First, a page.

Around $4 million worth of ether (ETH) linked to the FTX exchange hack last year has started to move. The funds are being transferred through Railgun, a privacy wallet that allows users to store tokens and use them for decentralized financial services. Transactions made through Railgun are shielded, making it difficult to determine the exact use of the funds. Additionally, the Thorchain bridge is being used to swap tokens between different blockchains without revealing the wallets involved. Despite this movement, there is still approximately $21 million worth of ETH remaining in the original wallet.
The hacker(s) responsible for the exploit have never been identified. Following the hack, a portion of the stolen funds, equivalent to $27 million at the time, were converted into the stablecoin DAI. Furthermore, addresses linked to the attacker still hold around 288,000 ETH. These recent transactions occur just days before the trial of Sam Bankman-Fried, the founder of FTX, who faces fraud and conspiracy charges. While Bankman-Fried maintains his innocence, former FTX and Alameda Research executives have already pleaded guilty and are expected to testify against him.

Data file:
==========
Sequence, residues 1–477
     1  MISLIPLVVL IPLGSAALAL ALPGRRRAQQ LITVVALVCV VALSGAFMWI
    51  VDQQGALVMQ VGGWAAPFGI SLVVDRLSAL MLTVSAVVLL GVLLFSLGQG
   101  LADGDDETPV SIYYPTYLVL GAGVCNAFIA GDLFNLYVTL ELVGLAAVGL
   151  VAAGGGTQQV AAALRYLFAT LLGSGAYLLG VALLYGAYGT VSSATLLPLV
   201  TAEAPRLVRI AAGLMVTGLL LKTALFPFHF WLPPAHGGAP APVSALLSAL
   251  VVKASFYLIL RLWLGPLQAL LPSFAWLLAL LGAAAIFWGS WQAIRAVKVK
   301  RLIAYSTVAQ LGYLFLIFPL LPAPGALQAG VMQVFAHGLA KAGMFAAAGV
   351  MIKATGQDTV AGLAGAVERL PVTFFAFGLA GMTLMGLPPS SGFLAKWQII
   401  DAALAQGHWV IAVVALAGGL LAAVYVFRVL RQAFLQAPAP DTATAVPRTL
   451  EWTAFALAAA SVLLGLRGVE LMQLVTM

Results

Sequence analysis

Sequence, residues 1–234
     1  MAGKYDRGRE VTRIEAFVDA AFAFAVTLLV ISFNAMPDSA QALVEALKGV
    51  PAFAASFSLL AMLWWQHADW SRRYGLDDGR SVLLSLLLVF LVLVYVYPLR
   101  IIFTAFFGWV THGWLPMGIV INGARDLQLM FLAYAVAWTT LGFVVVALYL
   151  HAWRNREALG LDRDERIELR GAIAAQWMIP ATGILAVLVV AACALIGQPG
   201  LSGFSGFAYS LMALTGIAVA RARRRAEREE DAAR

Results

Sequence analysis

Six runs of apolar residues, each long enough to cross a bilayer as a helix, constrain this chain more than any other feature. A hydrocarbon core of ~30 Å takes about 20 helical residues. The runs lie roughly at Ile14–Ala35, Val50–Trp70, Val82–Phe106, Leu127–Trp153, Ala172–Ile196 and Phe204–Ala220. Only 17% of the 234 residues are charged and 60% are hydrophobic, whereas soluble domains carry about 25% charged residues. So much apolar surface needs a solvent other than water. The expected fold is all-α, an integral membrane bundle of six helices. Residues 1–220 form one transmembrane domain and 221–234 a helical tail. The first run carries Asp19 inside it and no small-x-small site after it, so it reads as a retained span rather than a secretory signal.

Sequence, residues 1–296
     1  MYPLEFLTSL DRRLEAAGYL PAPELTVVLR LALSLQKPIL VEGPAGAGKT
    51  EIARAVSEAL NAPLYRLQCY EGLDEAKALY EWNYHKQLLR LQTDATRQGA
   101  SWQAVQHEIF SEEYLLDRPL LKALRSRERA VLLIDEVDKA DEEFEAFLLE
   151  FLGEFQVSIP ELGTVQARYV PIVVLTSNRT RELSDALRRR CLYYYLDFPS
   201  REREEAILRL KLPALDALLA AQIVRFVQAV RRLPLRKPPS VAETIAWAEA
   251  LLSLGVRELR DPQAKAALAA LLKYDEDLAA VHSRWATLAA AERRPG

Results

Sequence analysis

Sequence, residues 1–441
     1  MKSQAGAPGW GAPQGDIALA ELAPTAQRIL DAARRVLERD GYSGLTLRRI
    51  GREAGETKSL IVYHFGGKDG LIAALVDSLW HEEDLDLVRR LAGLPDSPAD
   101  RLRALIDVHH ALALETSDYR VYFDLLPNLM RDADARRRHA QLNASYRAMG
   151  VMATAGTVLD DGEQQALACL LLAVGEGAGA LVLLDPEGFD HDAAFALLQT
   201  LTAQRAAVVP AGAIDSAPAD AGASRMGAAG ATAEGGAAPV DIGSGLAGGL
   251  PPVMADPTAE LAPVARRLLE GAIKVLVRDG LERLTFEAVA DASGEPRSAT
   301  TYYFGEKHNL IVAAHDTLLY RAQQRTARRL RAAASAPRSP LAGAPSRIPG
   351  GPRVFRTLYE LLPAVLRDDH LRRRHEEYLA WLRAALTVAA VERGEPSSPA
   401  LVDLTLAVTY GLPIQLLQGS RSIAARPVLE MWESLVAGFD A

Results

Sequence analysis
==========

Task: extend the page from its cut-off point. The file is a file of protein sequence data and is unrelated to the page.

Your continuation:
In summary, funds amounting to $4 million from the FTX exchange hack have recently started moving through Railgun, a privacy wallet, and the Thorchain bridge. The hacker(s) behind the exploit remain unidentified, with a substantial portion of the stolen funds converted into DAI and still held in addresses affiliated with the attacker. These developments come shortly before the trial of FTX founder Sam Bankman-Fried, who denies all fraud charges filed against him.